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Iraq War veteran sees gains slipping

– and as a proponent of the counterinsurgency strategy that provided a chance for the country to stabilize – watching that country’s recent unraveling has been disheartening but not surprising.

My unit arrived in Anbar province in September 2003, as the Sunni population began to support in earnest an insurgency against the U.S. occupation of the country.

Young soldiers were killed by snipers and by roadside bombs as their officers struggled to understand the political climate in which the fighting was taking place.

We left after a hard year that cost the lives of 22 fine young men but accomplished little on the ground.

A captain made coffee mugs that proclaimed sourly, “We were winning when I left.”

I returned to a Pentagon that was in denial, but I found a few who believed that a new strategy of building Iraqi forces to take over the fight could eventually succeed.

We struggled to provide trainers and equipment and to find ways to partner with our Iraqi comrades but managed to succeed in the nick of time, pulling Iraq into a possible win.

That was the surge.

Then, by declining to provide a long-term security assistance force to an Iraq not yet able to handle the fight itself, we pulled defeat from the jaws of victory and increased the peril that our Iraqi friends would come to face.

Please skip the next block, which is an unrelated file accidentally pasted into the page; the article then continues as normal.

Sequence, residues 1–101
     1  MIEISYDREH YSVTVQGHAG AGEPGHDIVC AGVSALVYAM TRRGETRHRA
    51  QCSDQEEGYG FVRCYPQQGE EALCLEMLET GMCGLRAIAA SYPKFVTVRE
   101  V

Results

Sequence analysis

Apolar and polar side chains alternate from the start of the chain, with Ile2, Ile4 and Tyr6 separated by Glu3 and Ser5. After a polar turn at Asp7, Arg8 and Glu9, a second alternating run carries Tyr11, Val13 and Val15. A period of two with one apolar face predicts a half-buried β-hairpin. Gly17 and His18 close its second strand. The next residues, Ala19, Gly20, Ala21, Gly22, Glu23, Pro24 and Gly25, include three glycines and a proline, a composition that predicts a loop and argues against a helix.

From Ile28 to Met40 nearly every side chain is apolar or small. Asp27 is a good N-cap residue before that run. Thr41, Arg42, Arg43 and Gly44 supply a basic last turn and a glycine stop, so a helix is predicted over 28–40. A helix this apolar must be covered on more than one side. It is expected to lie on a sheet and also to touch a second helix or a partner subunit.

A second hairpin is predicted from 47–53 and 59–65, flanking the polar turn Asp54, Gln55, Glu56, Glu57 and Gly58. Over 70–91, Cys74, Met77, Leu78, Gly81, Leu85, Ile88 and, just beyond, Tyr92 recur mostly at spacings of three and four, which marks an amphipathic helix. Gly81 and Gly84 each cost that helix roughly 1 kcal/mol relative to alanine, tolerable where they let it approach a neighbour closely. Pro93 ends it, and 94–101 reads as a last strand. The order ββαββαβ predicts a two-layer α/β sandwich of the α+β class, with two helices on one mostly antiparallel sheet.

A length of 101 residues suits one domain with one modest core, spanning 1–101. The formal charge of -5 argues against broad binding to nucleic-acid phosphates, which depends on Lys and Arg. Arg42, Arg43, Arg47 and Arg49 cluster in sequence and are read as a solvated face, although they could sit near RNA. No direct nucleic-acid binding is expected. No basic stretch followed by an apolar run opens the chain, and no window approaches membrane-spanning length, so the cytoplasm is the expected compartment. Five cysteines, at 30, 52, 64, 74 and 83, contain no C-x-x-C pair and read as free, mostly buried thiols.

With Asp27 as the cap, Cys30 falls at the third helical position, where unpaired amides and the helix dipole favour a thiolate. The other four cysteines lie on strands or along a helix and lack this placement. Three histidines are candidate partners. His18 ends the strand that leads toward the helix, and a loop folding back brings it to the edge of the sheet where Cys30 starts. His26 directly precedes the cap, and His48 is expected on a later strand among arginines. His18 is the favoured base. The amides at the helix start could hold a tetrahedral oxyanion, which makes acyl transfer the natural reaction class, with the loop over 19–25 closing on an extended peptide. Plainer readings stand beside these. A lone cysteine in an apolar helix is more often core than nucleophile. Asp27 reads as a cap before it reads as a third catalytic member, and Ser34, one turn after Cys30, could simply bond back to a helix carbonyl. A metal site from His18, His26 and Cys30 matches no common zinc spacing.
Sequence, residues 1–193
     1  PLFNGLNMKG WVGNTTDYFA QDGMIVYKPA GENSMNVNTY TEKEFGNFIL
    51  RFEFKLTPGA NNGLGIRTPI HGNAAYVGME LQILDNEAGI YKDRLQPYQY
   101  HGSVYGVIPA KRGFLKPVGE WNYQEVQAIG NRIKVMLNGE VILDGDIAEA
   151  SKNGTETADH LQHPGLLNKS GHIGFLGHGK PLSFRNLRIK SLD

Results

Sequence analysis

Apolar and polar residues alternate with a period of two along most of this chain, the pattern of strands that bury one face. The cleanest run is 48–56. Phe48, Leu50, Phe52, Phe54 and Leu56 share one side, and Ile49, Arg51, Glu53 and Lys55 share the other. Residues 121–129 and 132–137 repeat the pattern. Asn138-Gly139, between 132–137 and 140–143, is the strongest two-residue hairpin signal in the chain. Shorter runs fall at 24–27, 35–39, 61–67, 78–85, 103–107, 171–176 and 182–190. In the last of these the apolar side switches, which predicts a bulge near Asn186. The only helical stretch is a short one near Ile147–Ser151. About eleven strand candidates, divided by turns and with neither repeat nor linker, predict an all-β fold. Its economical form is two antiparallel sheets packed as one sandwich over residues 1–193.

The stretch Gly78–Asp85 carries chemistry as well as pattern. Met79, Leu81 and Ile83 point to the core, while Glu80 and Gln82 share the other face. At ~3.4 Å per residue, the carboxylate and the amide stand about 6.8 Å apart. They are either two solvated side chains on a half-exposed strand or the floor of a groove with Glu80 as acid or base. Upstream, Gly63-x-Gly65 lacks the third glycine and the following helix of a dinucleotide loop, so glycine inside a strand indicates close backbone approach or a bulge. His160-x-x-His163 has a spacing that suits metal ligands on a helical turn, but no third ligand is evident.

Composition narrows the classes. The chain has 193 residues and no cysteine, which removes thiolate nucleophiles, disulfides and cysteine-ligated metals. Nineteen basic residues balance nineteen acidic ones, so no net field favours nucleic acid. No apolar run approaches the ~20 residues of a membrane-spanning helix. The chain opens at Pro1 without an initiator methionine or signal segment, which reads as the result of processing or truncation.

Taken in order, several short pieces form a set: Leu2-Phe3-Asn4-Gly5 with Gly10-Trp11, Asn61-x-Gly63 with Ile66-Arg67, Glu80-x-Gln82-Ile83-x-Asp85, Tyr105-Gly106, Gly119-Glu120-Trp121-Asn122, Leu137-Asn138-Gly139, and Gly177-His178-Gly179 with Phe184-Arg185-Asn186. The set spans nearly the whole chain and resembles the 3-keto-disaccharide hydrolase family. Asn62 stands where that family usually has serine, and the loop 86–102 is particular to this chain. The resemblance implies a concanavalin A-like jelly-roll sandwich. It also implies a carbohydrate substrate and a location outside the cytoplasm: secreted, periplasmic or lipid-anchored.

By not training and equipping Syrian freedom fighters in 2012, we provided an opportunity for al-Qaida to rebuild in the region.

The renewed Sunni insurgency in Iraq joined with the worst of the anti-Assad forces in Syria to present a threat greater than the fragile Iraqi government can handle on its own.

We are reaping the instability and increased threat to U.S. interests that we have sown through the failure of our endgame in Iraq and through our indecisiveness in Syria.

There is a clear lesson here for those who are contemplating a complete withdrawal of U.S. troops from Afghanistan.

Having given al-Qaida a new lease on life in the Mideast, will we provide another base where it began, in Afghanistan and Pakistan?

This is not the end-state my friends fought for and died for.

John Nagl, a veteran of both Iraq wars, is the headmaster of the Haverford School and author of the forthcoming “Knife Fights: A Memoir of Modern War.” He wrote this for the Washington Post.

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